It creates some negotiating room, and you might just get what you're asking for. Whether playing the role of buyer or seller in a sales transaction, asking for more than you expect to get is a classic opening position in using negotiations skills.
In the audio book, "Sound Advice on Negotiating Skills," author Roger Dawson says, "Henry Kissinger called employing these negotiations skills the key to success at the bargaining table." It's simple, notes Dawson, but there are many profound reasons for doing it.
"Using these negotiations skills creates some negotiating room that makes it easier to get what you really want," says Dawson. "It creates a climate where the other person can have a win with you." The climate set by using negotiations skills can help avoid deadlocks, especially when dealing with an egotistical negotiator, according to Dawson.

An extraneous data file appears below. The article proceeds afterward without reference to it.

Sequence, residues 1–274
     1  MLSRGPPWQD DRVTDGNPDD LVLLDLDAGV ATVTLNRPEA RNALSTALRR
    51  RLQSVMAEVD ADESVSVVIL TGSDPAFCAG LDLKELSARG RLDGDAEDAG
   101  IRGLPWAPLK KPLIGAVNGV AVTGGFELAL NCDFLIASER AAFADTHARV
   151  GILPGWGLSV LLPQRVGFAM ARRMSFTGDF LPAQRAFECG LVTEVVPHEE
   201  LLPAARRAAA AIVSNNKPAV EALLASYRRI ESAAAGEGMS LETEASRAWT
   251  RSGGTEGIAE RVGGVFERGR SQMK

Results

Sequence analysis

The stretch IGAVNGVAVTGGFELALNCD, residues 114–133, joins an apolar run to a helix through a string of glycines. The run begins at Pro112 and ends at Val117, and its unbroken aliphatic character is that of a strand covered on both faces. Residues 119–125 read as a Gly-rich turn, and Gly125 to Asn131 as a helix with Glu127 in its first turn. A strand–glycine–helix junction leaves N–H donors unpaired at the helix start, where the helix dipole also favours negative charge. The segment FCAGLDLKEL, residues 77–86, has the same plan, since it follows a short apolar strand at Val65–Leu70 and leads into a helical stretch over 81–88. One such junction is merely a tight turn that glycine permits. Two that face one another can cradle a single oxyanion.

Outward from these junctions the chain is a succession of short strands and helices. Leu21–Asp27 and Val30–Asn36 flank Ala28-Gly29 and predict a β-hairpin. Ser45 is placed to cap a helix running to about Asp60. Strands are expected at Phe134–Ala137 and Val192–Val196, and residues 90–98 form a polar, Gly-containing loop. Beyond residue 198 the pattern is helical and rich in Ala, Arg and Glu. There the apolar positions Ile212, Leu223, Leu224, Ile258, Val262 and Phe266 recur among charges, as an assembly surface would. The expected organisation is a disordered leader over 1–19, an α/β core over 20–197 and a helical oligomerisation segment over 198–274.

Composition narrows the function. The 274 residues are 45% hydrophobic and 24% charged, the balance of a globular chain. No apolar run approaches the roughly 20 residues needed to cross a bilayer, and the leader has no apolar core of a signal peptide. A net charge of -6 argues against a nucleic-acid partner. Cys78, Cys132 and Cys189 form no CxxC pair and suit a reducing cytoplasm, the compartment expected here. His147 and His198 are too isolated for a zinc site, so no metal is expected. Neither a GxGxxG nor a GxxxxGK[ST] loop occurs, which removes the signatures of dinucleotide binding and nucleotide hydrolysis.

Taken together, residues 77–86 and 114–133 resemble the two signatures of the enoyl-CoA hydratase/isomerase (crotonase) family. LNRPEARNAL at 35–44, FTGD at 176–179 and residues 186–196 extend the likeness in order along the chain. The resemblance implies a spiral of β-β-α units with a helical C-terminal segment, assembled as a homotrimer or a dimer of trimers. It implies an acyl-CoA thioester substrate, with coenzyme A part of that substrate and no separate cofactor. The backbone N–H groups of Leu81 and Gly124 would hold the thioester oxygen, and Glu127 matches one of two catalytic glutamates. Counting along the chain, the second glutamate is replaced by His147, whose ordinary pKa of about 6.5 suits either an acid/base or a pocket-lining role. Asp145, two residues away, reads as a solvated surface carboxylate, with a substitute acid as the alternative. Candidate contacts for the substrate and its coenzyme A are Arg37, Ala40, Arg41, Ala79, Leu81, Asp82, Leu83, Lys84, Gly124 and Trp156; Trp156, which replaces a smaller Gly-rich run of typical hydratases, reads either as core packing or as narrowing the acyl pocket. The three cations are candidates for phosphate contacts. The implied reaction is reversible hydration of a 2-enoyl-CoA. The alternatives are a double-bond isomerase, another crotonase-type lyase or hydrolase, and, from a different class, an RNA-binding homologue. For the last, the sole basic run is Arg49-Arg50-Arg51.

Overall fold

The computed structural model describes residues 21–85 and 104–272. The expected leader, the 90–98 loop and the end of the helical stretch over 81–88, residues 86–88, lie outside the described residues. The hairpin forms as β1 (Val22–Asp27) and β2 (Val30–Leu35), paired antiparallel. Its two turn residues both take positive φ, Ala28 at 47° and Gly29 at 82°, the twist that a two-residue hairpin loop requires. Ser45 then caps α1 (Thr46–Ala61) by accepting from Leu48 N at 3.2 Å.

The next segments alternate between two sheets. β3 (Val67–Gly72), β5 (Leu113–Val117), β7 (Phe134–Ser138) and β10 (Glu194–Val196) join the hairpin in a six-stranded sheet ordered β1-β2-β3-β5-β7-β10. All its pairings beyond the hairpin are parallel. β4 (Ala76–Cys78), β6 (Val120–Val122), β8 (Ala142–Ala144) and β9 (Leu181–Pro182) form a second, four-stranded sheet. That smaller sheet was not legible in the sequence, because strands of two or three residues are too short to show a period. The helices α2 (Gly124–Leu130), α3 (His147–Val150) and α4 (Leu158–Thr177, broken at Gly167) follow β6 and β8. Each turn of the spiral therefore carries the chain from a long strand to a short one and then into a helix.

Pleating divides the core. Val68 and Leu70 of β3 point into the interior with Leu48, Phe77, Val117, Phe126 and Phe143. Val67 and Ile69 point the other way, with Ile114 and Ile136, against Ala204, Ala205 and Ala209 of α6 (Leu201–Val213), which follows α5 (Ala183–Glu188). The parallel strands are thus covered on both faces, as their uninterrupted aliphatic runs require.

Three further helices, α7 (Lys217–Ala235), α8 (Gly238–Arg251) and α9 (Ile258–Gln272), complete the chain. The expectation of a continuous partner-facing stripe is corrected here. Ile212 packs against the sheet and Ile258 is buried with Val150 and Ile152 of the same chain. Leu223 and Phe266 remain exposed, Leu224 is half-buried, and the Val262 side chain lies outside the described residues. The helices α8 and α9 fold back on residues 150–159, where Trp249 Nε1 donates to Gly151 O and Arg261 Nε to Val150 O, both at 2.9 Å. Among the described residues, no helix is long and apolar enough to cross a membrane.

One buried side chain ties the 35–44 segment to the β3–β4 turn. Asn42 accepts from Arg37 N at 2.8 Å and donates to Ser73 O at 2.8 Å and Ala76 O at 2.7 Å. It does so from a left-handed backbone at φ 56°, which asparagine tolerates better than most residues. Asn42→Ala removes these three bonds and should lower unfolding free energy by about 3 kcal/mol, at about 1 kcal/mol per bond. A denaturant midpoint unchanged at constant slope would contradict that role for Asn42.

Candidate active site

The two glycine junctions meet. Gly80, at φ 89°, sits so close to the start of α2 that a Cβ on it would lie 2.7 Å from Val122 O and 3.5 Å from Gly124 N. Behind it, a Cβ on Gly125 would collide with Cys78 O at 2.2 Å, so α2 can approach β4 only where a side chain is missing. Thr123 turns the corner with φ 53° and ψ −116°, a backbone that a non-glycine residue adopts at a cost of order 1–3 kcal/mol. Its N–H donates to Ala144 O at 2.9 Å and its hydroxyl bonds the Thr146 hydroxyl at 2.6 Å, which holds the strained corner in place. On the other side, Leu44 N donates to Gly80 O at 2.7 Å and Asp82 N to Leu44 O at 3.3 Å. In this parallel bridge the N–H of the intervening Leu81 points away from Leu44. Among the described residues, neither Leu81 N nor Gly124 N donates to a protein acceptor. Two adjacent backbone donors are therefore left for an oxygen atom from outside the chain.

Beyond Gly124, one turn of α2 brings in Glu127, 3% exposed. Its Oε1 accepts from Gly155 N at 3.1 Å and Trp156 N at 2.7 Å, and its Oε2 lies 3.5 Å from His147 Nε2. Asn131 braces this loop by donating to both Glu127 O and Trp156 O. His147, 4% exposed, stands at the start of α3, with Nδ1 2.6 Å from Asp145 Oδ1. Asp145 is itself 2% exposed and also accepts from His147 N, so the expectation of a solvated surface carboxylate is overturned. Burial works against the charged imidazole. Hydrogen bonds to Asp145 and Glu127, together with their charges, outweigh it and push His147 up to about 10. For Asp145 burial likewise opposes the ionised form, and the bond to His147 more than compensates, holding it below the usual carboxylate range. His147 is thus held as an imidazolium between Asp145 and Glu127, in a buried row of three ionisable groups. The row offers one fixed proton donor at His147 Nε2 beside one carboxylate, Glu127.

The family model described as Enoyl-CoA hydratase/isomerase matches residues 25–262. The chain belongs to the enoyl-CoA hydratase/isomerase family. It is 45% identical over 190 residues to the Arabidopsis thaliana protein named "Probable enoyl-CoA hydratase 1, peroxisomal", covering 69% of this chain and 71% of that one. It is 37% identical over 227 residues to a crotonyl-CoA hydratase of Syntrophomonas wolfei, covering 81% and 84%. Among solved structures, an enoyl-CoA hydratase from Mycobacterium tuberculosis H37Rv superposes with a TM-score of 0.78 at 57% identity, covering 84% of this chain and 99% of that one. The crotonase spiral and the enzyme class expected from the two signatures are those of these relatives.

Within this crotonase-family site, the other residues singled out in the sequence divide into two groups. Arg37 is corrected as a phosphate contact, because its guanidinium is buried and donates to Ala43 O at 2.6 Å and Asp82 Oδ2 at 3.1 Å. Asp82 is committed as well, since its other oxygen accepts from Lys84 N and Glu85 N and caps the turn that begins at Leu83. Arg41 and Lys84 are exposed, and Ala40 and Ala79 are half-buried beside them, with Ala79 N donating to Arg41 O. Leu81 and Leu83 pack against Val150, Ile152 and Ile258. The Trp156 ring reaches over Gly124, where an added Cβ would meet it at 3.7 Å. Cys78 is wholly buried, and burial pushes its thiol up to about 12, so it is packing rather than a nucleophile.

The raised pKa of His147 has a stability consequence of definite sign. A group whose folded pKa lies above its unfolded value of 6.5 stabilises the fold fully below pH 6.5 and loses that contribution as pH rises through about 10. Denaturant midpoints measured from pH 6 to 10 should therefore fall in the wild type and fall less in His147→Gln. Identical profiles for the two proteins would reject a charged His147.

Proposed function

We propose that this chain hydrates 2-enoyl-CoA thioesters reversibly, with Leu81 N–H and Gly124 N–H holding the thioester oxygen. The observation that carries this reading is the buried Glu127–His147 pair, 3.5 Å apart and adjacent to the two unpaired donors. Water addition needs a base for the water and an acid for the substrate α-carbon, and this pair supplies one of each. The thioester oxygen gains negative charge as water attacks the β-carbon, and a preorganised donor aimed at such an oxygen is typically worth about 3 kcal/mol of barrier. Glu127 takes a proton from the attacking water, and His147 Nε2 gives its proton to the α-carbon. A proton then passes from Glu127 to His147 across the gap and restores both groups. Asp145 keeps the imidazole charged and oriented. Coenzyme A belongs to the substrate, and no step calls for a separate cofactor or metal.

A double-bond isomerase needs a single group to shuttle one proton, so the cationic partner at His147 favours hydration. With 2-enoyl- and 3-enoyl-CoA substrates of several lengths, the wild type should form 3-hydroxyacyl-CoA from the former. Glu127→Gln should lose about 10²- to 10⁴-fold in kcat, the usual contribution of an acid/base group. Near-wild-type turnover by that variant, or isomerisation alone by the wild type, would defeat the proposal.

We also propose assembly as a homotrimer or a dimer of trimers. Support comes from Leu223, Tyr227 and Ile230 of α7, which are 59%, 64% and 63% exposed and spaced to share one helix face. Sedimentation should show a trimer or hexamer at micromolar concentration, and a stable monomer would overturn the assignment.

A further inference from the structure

"When you're selling, it raises the perceived value of your product or service," says Dawson. However, some salespeople are so eager to reach agreement that they soften their opening using their negotiation skills. "They hope that by doing this the client will appreciate how generous they've been," says Dawson. "The danger in using negotiations skills this way is that the client may instead think, 'If they've given us this much, we can get a lot more; let's be tough negotiators.'"
The solution, says Dawson - a renowned speaker and author of the book, "Secrets of Power Negotiating for Salespeople" - is to "ask for more than you expect to get, but imply some flexibility so that you can encourage them to negotiate with you."